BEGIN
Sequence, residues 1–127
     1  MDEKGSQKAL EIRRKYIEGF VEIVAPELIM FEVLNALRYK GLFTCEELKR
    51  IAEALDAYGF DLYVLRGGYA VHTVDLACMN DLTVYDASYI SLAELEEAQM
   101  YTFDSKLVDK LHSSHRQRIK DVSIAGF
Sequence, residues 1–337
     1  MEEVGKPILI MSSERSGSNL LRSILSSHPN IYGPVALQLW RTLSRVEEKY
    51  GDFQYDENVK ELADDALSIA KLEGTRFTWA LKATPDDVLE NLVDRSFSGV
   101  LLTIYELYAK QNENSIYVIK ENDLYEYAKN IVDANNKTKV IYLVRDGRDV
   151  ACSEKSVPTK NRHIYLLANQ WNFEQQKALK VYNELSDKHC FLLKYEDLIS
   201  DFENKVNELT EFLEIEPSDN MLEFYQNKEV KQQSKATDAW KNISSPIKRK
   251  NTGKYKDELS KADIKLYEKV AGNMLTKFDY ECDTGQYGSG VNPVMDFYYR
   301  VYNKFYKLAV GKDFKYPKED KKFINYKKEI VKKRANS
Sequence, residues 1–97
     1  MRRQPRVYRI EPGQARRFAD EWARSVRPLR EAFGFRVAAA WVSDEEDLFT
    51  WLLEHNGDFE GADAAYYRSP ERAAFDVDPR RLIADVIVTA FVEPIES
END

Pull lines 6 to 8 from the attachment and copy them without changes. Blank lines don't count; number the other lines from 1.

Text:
     1  MEEVGKPILI MSSERSGSNL LRSILSSHPN IYGPVALQLW RTLSRVEEKY
    51  GDFQYDENVK ELADDALSIA KLEGTRFTWA LKATPDDVLE NLVDRSFSGV
   101  LLTIYELYAK QNENSIYVIK ENDLYEYAKN IVDANNKTKV IYLVRDGRDV